Stop, look, go.
The Review Process It helps me to review my own practice of gratefulness by applying to these three basic steps the rule I learned as a boy for crossing an intersection: “Stop, look, go.” Before going to bed, I glance back over the day and ask myself: Did I stop and allow myself to be surprised? Or did I trudge on in a daze? Was I too busy to wake up to surprise? And once I stopped, did I look for the opportunity of that moment? Or did I allow the circumstances to distract me from the gift within the gift? (This tends to happen when the gift’s wrappings are not attractive.) And finally, was I alert enough to go after it, to avail myself fully of the opportunity offered to me?
There are times, I must admit, when stopping at night to review my day seems to be the first stop on an express train. Then I look back and realize with regret how much I missed. Not only was I less grateful on those non-stop days, I was less alive, somehow numb. Other days may be just as busy, but I do remember to stop; on those days, I even accomplish more because stopping breaks up the routine. But unless I also look, the stopping alone will not make my day a truly happy one; what difference does it make that I am not on an express train but on a local if I’m not aware of the scenery outside the windows? On some days, I even find in my nightly review that I stopped and I looked, but not with alertness. Just yesterday, I found a huge moth on the sidewalk; I did stop long enough to put it in a safe spot on the lawn, just a foot away, but I didn’t crouch down to spend time with this marvelous creature. Only faintly did I remember, at night, those iridescent eyes on the grayish brown wings. My day was diminished by this failure to stay long enough with this surprise gift to deeply look at it and to savor its beauty gratefully.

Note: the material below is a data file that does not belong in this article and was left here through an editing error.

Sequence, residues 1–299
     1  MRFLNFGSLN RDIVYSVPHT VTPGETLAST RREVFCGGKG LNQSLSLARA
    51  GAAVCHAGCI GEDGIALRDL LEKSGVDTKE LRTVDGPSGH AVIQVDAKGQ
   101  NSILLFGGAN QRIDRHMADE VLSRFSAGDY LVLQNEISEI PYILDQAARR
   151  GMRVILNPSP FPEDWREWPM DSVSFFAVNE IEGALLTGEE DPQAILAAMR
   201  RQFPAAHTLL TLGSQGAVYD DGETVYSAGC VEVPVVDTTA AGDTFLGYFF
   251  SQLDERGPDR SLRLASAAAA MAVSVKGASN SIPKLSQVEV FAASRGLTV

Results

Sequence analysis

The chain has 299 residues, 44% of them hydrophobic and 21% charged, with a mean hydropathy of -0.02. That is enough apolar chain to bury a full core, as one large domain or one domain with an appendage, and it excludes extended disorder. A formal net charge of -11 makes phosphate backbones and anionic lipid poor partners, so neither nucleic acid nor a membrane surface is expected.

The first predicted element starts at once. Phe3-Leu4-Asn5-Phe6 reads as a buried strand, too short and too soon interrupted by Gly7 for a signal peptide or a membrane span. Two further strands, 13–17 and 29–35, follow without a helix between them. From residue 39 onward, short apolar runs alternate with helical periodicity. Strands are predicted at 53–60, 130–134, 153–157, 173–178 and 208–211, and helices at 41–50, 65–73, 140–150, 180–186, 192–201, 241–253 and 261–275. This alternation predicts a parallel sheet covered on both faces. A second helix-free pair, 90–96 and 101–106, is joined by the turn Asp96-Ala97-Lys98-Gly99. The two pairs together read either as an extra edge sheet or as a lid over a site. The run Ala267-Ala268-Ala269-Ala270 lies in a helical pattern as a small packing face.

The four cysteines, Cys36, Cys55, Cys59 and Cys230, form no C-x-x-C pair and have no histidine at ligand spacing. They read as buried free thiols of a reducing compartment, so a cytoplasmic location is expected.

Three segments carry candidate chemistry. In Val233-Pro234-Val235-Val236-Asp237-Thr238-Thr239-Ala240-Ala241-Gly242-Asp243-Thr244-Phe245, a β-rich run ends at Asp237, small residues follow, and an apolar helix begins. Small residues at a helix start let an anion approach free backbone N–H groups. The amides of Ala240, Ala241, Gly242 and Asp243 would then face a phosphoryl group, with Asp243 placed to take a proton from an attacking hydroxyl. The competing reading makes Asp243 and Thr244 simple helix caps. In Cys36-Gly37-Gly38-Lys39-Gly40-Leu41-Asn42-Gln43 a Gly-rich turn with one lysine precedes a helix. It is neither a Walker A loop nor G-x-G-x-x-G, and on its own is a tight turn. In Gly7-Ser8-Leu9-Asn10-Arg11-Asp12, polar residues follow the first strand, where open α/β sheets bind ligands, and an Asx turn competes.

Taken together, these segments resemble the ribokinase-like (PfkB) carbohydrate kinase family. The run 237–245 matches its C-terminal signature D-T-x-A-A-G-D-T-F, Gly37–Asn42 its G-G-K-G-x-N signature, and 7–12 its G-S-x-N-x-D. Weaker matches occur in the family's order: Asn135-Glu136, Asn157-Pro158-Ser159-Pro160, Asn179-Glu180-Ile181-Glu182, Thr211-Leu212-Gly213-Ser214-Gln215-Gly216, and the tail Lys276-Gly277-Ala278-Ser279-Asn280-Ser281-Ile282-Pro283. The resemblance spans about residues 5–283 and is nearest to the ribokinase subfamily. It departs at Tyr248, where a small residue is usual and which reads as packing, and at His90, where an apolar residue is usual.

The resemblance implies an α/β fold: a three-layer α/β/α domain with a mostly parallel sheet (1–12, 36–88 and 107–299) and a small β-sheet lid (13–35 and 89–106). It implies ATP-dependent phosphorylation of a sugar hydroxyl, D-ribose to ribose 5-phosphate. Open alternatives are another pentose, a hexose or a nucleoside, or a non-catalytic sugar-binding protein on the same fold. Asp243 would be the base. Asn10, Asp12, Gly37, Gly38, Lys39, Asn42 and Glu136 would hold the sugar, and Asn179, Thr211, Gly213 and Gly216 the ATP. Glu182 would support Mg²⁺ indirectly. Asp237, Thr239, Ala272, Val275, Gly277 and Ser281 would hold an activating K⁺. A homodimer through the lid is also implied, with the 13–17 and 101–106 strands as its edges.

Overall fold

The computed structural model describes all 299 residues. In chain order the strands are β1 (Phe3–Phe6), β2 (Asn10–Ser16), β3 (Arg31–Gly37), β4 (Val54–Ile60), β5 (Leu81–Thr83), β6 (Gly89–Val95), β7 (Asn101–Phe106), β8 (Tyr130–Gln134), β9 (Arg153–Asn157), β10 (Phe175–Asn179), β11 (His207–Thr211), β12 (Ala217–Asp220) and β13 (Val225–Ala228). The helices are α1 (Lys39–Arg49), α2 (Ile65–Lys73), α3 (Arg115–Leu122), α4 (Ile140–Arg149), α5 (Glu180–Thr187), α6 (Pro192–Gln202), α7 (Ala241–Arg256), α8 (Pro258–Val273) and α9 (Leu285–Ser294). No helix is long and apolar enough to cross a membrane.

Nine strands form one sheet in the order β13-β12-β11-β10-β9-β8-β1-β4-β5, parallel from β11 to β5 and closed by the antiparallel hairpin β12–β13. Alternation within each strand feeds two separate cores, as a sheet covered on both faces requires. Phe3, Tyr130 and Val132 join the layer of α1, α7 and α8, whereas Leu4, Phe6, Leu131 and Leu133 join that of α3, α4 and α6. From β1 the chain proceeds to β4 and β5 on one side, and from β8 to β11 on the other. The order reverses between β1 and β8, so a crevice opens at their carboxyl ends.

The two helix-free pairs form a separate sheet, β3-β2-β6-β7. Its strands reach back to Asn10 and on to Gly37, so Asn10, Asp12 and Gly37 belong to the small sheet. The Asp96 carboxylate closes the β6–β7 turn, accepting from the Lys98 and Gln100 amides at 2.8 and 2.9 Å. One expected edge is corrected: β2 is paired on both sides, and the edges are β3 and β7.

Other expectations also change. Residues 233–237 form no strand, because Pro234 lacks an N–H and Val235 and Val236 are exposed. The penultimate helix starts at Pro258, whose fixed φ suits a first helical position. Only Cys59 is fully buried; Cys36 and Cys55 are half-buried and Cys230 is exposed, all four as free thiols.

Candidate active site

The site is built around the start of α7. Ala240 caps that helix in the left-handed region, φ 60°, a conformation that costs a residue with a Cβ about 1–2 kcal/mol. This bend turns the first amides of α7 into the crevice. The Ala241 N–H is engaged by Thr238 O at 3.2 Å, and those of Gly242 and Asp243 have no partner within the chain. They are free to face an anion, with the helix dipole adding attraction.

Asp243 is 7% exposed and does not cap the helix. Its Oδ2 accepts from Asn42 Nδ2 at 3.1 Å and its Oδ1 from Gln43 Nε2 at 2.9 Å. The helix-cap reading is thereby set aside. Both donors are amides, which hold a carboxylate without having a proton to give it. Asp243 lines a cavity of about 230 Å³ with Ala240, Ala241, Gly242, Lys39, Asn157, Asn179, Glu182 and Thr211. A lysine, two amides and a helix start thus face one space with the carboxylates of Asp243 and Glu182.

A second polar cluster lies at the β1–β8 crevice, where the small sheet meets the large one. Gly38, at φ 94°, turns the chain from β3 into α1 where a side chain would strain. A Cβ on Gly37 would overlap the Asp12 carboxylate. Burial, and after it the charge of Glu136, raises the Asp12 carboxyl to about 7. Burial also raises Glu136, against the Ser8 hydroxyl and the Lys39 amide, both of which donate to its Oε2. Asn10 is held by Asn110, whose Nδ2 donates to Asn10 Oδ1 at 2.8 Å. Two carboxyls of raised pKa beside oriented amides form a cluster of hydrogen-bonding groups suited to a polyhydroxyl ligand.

My simple recipe for a joyful day is this: Stop and wake up; look and be aware of what you see; then go on with all the alertness you can muster for the opportunity the moment offers. Looking back in the evening, on a day on which I made these three steps over and over, is like looking at an apple orchard heavy with fruit.
This recipe for grateful living sounds simple–because it is. But simple does not mean easy. Some of the simplest things are difficult because we have lost our childlike simplicity and have not yet found our mature one. Growth in gratitude is growth in maturity. Growth, of course, is an organic process. And so we come back to what I said at the beginning: To superimpose on the organic flow of gratitude a mental grid like a series of “steps” will remain arbitrary. When I am grateful, I am neither rushing nor slouching through my day–I’m dancing. What is true in dance class is true here too: Only when you forget to think of your steps, do you truly dance.
This essay first appeared on Beliefnet, Summer 2001.
Syndicated with permission from Gratefulness.org A worldwide network dedicated to gratefulness as the core inspiration for personal change, international cooperation, and sustainable activism in areas of universal concern.